Dual vicarious liability for same act shared by employer and non-employer

The claimant had a factory and hired D1 to fit some air conditioning. He sub contracted the work out to D2. D2 employed some fitters from D3.

D2 had one fitter supervising two fitters from D3. One of the D3 fitters negligently injured the claimant.

The Court of Appeal held the question for vicarious liability was -as always – (see Mersey Docks v Coggins case (1947) etc) one of control over the negligent employee and not about contracts of employment. Here D2 had supervisory control over the negligent employee. D3 employed the negligent fitter and also his mate. Here control was about who could responsibly prevent the claimant's action.

Both D2 and D3( through the mate) could and should equally have prevented the negligent act, dual vicarious liability was legally possible and both parties should contribute 50 percent to the claimant.

Via Systems (Tyneside) Ltd v (1) Thermal Transfer (Northern) Ltd (2) S & P Darwell Ltd (3) T Hall & C Day (T/A Cat Metalwork Services) (2005)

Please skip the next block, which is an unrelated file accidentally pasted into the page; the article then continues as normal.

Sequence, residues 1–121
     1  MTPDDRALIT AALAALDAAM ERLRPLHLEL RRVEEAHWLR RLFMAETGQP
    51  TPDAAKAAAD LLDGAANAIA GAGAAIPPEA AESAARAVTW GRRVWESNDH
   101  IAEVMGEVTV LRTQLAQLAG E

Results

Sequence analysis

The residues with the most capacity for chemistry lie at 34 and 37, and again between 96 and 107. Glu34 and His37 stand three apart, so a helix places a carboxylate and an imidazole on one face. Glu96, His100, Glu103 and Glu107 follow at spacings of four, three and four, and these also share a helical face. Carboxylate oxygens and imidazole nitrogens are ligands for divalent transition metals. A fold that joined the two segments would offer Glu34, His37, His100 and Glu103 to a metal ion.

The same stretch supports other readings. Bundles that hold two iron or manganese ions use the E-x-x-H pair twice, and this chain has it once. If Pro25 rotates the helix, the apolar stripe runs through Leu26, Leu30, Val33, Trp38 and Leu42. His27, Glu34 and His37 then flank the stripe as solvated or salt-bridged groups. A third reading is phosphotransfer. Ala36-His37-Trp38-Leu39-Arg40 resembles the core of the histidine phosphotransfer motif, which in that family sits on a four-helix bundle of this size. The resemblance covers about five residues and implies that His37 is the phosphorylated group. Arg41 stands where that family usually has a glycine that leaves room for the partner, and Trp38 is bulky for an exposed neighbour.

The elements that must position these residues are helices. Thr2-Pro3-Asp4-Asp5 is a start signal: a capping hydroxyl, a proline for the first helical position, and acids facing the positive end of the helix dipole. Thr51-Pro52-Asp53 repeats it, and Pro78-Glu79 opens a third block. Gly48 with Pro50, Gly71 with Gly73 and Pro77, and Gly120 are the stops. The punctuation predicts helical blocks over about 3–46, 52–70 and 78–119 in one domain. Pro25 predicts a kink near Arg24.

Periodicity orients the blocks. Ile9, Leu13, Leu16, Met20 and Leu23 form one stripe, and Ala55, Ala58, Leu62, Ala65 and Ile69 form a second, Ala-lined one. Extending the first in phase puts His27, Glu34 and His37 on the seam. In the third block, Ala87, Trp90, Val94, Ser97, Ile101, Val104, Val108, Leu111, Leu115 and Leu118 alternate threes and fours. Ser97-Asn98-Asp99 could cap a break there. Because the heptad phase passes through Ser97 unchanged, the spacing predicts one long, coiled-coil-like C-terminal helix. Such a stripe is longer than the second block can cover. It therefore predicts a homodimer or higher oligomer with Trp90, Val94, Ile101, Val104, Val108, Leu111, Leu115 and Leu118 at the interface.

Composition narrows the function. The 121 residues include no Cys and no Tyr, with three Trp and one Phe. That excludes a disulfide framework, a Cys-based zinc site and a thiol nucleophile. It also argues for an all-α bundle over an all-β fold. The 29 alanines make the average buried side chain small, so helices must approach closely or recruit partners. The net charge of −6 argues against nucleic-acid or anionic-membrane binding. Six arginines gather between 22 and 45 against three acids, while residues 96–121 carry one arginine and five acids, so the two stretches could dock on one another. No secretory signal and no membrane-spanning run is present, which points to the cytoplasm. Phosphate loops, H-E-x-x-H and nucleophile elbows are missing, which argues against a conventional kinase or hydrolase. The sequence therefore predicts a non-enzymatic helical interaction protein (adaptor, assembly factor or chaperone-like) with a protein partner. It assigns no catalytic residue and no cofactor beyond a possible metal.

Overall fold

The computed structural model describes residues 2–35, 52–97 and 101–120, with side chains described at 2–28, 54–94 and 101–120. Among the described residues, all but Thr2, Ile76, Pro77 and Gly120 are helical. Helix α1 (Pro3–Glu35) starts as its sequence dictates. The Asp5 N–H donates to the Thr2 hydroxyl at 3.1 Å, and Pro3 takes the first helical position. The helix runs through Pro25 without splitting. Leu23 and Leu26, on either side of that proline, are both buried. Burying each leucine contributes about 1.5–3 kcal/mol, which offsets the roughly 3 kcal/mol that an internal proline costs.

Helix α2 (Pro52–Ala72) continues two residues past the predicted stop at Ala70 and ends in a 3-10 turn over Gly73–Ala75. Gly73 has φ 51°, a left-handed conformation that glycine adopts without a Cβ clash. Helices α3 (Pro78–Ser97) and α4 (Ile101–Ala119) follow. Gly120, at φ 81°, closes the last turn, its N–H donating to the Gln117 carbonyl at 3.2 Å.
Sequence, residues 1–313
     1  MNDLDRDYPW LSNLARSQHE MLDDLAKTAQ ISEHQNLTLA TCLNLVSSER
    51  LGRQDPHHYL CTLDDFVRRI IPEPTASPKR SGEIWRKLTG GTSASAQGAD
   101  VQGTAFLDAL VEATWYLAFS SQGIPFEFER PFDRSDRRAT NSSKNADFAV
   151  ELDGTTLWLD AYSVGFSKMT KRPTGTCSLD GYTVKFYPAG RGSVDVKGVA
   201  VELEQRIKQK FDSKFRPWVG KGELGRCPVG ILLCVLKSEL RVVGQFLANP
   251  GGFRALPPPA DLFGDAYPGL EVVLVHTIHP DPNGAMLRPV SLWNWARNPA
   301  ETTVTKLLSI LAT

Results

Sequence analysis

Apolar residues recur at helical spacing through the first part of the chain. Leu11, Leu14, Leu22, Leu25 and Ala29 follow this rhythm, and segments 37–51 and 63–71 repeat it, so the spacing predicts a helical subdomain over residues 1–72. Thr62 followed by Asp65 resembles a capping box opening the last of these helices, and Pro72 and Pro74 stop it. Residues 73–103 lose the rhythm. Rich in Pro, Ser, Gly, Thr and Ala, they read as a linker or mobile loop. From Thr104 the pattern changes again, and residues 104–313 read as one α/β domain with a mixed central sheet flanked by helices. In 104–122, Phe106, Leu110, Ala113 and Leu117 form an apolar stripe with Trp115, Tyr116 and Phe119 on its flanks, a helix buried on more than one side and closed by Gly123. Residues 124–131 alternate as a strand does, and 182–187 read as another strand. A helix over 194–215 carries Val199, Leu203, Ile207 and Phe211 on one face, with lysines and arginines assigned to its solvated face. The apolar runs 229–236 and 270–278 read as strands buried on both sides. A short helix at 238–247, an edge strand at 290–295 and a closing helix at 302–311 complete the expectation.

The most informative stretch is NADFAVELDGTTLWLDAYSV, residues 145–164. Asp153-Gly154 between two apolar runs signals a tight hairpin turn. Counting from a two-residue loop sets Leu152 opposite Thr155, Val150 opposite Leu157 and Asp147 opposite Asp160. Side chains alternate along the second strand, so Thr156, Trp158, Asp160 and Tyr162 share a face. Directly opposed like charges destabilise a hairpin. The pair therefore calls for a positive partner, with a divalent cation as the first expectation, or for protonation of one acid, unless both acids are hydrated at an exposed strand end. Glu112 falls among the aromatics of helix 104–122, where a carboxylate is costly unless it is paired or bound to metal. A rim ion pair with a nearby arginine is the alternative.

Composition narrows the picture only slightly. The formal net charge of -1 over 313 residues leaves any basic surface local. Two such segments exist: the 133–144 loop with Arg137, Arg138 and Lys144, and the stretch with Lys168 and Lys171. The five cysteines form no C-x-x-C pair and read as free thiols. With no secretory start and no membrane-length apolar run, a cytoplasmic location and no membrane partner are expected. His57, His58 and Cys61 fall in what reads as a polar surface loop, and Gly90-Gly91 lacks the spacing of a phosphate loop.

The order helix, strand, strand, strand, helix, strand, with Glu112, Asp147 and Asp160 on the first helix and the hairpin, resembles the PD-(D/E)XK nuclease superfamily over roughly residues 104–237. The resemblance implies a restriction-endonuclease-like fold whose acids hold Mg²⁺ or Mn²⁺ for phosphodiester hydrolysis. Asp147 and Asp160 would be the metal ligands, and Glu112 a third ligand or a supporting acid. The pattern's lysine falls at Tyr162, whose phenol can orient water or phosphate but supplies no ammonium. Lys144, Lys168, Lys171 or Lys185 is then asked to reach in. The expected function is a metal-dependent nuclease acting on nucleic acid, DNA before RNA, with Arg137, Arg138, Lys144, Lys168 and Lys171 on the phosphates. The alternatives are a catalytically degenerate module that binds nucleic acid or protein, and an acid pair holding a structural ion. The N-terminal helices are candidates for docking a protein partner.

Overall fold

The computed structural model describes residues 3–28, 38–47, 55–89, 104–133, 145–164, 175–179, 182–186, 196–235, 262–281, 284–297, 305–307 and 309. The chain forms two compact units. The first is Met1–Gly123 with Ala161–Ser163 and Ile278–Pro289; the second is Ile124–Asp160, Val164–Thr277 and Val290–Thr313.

Who to sue, part 2?

The Post Office employed a contractor to repair their premises. The claimant worked for the contractor and had a very serious fall through a Post Office skylight when doing that work.

The Judge found the Post Office, as occupier, had done everything they were obliged to do to perform their duty of care “to take reasonable care to appoint safe and competent contractors": they had undertaken detailed preliminary health and safety checks including ensuring the contractor did a risk assessment before the roof work was done.

From then on the claimant's employer had complete control (see and distinguish case above) and were liable for the negligent method of work which led to the Claimant's injury .

Relevant case discussed: McCook -v- Lobo, 2003 ICR 89, LJ Hale.

There are comments in the Gazette that this case shows there is a strong presumption you should sue the employer in the first instance rather than the occupier in such cases and leave the employer-contractor to show why the occupier should bear responsibility. It adds that you often just do not know what the occupier has done to investigate , before appointing the employer-contractor, so suing them carries a risk their enquiries were sufficient in any event, as above.

Robert Hood -v- Mitie Property Services (Midlands) Ltd & Royal Mail Group PLC, QED, July 2005.